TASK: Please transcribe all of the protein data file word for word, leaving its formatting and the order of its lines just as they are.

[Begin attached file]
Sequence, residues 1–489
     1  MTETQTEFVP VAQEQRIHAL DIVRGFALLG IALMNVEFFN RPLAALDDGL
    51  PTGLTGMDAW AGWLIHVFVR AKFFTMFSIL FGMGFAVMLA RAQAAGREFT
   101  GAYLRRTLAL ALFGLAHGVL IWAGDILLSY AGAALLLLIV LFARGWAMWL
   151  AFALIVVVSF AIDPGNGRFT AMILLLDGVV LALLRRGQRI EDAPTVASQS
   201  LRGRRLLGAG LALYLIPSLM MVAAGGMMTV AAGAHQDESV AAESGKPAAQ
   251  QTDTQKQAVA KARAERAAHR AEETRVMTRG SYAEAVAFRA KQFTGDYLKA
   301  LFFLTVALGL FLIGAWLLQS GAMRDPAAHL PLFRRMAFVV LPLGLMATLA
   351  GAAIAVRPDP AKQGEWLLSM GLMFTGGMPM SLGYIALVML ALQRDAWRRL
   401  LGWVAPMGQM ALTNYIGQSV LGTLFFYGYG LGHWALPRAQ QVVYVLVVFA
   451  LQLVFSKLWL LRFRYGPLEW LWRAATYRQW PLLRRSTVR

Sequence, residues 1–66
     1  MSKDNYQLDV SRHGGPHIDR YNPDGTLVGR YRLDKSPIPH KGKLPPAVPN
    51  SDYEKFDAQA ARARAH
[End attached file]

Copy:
Sequence, residues 1–489
     1  MTETQTEFVP VAQEQRIHAL DIVRGFALLG IALMNVEFFN RPLAALDDGL
    51  PTGLTGMDAW AGWLIHVFVR AKFFTMFSIL FGMGFAVMLA RAQAAGREFT
   101  GAYLRRTLAL ALFGLAHGVL IWAGDILLSY AGAALLLLIV LFARGWAMWL
   151  AFALIVVVSF AIDPGNGRFT AMILLLDGVV LALLRRGQRI EDAPTVASQS
   201  LRGRRLLGAG LALYLIPSLM MVAAGGMMTV AAGAHQDESV AAESGKPAAQ
   251  QTDTQKQAVA KARAERAAHR AEETRVMTRG SYAEAVAFRA KQFTGDYLKA
   301  LFFLTVALGL FLIGAWLLQS GAMRDPAAHL PLFRRMAFVV LPLGLMATLA
   351  GAAIAVRPDP AKQGEWLLSM GLMFTGGMPM SLGYIALVML ALQRDAWRRL
   401  LGWVAPMGQM ALTNYIGQSV LGTLFFYGYG LGHWALPRAQ QVVYVLVVFA
   451  LQLVFSKLWL LRFRYGPLEW LWRAATYRQW PLLRRSTVR

Sequence, residues 1–66
     1  MSKDNYQLDV SRHGGPHIDR YNPDGTLVGR YRLDKSPIPH KGKLPPAVPN
    51  SDYEKFDAQA ARARAH